eDEX-UI is a science fiction terminal that runs on most operating systems. It was heavily inspired by the user interfaces in sci-fi movies, like TRON, Minority Report, and others. While it’s not very practical for the day-to-day use for anyone heavily using command line, it’s a lot of fun to run when there are non-technical people around, staring at your screen.
The installation is pretty simple:
git clone https://github.com/GitSquared/edex-ui.git
npm run install-linux
I think it works even better with a large touch screen, but I don’t have one around to try it on.
I have recently blogged about the Faces of Open Source project. That’s a great initiative. But here’s another one, with a lot more practical approach – Programmer Playing Cards. It is a deck of playing cards, featuring people who influenced the world of computer programming in a variety of ways. Each card has a photo of a person, his or her name, what was the influence, and, as a nice touch, a quote from that person.
Here’s an example with Larry Wall.
More examples as well as instructions on how to get these cards are here.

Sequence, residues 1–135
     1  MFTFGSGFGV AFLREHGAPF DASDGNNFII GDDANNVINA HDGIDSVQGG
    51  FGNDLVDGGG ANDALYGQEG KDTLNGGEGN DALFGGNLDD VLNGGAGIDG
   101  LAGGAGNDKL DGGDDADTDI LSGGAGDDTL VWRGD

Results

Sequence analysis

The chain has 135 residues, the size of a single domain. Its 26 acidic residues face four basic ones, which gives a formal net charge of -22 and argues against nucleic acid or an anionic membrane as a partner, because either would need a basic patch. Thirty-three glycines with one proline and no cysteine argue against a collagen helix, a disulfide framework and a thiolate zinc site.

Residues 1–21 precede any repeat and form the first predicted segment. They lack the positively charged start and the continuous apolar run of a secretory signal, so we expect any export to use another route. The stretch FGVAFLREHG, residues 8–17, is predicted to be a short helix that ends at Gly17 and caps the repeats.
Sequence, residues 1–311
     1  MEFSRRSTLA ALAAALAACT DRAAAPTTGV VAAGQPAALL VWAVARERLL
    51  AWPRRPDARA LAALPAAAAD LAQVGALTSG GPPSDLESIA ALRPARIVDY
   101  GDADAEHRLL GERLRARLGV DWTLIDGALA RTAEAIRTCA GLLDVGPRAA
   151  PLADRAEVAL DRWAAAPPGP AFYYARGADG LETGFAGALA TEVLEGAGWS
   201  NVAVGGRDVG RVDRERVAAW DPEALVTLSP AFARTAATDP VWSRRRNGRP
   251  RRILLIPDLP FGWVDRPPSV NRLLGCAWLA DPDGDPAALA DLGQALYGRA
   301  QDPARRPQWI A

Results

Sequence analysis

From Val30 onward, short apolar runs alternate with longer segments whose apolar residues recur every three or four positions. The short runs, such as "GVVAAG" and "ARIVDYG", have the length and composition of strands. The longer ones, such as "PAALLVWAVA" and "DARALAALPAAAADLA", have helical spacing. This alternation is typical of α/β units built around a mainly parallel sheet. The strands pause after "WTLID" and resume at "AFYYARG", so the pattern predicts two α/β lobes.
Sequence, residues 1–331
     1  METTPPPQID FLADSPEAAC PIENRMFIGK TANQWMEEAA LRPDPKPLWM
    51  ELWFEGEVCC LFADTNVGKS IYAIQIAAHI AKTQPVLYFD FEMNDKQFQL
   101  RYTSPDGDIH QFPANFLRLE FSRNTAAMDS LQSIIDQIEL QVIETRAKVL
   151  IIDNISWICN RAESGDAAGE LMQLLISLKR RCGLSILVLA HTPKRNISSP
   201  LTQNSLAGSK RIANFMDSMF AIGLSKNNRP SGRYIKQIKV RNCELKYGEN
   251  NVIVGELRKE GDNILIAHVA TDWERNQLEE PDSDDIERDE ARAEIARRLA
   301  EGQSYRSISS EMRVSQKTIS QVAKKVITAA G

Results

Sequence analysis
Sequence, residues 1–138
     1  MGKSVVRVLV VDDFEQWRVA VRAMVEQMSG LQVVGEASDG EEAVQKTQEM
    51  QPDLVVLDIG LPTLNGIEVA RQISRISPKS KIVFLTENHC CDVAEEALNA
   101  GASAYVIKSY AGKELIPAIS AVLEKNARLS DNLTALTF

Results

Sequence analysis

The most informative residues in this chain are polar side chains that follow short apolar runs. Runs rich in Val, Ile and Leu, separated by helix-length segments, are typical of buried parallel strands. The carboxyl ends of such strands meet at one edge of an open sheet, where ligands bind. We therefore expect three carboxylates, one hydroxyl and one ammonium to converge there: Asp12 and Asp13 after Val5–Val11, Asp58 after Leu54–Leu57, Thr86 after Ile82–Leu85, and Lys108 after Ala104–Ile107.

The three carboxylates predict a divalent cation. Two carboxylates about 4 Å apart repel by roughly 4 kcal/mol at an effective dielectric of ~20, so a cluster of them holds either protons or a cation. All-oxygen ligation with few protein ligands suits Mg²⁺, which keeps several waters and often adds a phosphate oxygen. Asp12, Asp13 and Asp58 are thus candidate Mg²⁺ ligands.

Faces of Open Source is an on-going photographic documentation of the people behind the development and advancement of the open source revolution that has transformed the technology industry.
Given the immense contribution of these people to the world around us, I find it surprising that they are so far from the celebrity status and most people in the world won’t know any of these faces. Even people in technology sector itself, won’t probably name even half of these people by the picture alone. For some, even the name won’t mean anything.
Kudos to this project for trying to make these faces slightly more familiar and for giving credit where credit is due.
The other day I was joking with a colleague of mine about how much fun it would be to do the web development in Assembly. All the usual stuff – pages would be super fast, and the whole subject makes it for some fun interview material, as the candidates mention Assembly pretty much on every CV.
And then I decided to do a quick Google search. To my (not so great) surprise I got to hilarious this Reddit thread, which, among other things, links to MiniMagAsm, a web development framework written in Assembly. It compiles into a native binary and can be executed as a CGI script.
I’m not going to use it any time soon, but I think it’s super cool, and way more than a simple “hello world” page that I was expecting to find.